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The Central Government on Wednesday withdrew the Data Protection Bill (PDP) which was first proposed in 2019. Union Electronics and Information Technology Minister Ashwini Vaishnaw said the Centre was taking the decision as a parliamentary panel's review of the bill had suggested 81 amendments, leading to the need for a new "comprehensive legal framework".

He said that the Personal Data Protection Bill, 2019 was deliberated in great detail by the Joint Committee of Parliament (JCP) and 81 amendments were proposed and 12 recommendations were made toward a comprehensive legal framework for the digital ecosystem.

"Considering the report of the JCP, a comprehensive legal framework is being worked upon Hence, in the circumstances, it is proposed to withdraw 'The Personal Data Protection Bill, 2019' and present a new bill that fits into the comprehensive legal framework," he said.

Here's an explainer of the Data Protection Bill:

The Personal Data Protection Bill, 2018, was prepared by a high-level expert group headed by former Supreme Court judge BN Srikrishna.

The PDP bill was first brought to the Parliament in 2019 and passed on to the JCP for examination at the time. The JCP was chaired by BJP Member of Parliament (MP) Meenakshi Lekhi initially. PP Chaudhary was appointed in her place since ministers are not allowed to chair Parliamentary Committees.

The Data privacy/Protection Bill is landmark legislation meant to regulate how various companies and organizations use individuals’ data inside India.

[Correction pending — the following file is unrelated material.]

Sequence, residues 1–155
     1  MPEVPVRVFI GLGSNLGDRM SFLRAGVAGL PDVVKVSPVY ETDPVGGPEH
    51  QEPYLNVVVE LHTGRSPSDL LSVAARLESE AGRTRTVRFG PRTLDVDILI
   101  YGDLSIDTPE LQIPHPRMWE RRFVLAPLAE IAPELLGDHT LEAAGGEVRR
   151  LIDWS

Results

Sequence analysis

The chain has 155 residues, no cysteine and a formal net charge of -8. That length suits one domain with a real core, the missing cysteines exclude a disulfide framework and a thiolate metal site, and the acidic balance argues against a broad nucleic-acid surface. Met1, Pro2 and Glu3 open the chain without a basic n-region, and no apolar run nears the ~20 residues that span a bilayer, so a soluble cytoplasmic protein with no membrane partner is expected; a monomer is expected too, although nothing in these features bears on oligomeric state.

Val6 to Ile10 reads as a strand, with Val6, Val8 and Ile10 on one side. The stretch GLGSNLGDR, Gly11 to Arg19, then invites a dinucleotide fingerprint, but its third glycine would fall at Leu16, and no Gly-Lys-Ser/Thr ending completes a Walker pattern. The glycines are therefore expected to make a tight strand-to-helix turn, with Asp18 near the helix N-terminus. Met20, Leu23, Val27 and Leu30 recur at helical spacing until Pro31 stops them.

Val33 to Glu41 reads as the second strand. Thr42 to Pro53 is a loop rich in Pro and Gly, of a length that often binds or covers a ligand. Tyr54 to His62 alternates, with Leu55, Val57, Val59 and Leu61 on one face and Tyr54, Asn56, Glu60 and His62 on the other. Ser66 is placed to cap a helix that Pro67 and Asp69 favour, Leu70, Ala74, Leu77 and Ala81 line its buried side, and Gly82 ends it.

What does the Data Protection Bill say?

The Bill aimed to provide protection of digital privacy to individuals relating to their personal data, specify the flow and usage of data, and create a relationship of trust between persons and entities processing the data.

The 2019 draft of the bill proposed the formation of a Data Protection Authority (DPA), which would regulate the use of users’ personal data by social media companies and other organizations within the country.

The PDP Bill was akin to the European General Data Privacy Regulation and would set the stage for how big technology firms operate in the country.

The Bill had proposed social media platforms to create a mechanism so that for “every user who registers their service from India or uses their service from India, a voluntary verifiable account mechanism has to be made".The provision puts the onus of creating the mechanism on the company. The provision was largely aimed at checking social media trolling.

The bill categorizes data into three categories—critical, sensitive and general. Sensitive data—financial, health, sexual orientation, biometrics, transgender status, religious or political beliefs and affiliation—can be stored only in India. However, data can be processed outside India with explicit consent.

Critical data will be defined by the government from time to time and has to be stored and processed in India. Any data that is non-critical and non-sensitive will be categorized as general data with no restriction on where it is stored or processed.

The draft bill proposed in 2019 had been opposed by social media firms, experts and even ministers, who said that it had too many loopholes to be effective and beneficial for both users and companies.

Companies including Facebook and Twitter have for years been concerned with India's proposed tighter regulations for the technology sector, which have often strained relations between US and India.

India says such regulations are needed to safeguard the data and privacy of citizens.

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